Shibden Hall is only minutes from the busy centre of Halifax, yet it is reminiscent of a time when the area was countryside and sheep farming was the major industry.
The Hall owes its creation to the wool trade, which made the textile industry the main employer in the local area. Cloth production created jobs for thousands and wealth for a lucky few, such as William Otes, a cloth merchant who built a house here around 1420. The house was owned and adapted by various prosperous families over the years, notably the Listers who resided here for over 300 years from 1619. In 1933 the Halifax Corporation took possession of Shibden Hall and opened it as a museum the following year.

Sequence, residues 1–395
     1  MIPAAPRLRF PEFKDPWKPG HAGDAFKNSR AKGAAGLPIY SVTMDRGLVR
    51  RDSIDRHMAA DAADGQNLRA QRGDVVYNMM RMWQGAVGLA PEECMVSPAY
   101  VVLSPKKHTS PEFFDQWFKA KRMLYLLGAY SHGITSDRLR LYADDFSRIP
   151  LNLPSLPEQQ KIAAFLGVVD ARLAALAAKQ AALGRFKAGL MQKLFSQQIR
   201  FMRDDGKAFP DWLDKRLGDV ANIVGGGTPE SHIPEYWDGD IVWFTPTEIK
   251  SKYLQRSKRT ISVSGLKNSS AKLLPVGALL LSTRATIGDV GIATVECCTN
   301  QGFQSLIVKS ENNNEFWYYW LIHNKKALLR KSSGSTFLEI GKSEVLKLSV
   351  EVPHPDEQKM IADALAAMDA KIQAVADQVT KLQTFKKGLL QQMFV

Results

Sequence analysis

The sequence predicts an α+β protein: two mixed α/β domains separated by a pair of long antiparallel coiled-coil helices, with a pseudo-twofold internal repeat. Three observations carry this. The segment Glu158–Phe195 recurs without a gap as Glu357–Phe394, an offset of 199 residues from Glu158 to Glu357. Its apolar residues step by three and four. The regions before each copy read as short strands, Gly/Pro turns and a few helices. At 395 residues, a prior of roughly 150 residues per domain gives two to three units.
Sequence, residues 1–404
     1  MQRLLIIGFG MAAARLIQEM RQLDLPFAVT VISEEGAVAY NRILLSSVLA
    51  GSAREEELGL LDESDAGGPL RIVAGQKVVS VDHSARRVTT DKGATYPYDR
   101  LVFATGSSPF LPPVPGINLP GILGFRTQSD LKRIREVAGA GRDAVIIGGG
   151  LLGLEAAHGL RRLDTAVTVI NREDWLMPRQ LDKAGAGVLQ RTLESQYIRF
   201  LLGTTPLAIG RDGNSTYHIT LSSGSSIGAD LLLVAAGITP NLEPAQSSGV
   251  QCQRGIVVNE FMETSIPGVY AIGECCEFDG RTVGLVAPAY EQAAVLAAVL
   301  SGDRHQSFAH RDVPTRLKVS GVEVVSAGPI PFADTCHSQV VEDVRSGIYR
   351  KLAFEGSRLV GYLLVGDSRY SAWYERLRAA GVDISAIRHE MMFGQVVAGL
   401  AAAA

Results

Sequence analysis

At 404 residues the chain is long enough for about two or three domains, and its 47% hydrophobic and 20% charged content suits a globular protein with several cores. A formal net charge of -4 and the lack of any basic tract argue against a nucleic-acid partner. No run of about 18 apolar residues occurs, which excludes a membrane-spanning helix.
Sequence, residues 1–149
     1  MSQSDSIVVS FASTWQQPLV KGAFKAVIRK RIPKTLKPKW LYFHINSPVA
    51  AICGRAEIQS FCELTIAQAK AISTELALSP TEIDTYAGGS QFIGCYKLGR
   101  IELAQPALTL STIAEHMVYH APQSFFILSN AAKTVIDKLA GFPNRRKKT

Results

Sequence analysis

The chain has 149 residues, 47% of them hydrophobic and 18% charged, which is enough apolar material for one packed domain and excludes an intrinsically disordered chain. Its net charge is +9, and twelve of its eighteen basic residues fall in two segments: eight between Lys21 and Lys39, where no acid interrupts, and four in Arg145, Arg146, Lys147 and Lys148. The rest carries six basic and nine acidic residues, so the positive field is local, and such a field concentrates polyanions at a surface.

Each generation has left its mark on Shibden and it is fascinating to tour the rooms and see how interior design has changed over the centuries. The house is set out as if people were still living here, with tables laid and possessions left out.
The house and its interior were constructed from some of the finest materials available. The original oak floorboards in the hall’s main bedroom measure over five yards long and
16 inches wide. You can also see a stunning 16th-century 20-light stained glass window, featuring coats of arms of all the families who lived here.
Behind Shibden Hall is a 17th-century stone barn. This is now a folk museum featuring items local to the area, which would have been used by workers on the Shibden estate. Visitors can also enjoy the parkland with a lake and miniature railway.
Don’t miss: the dining room’s cheese boat – on castors for ease of movement around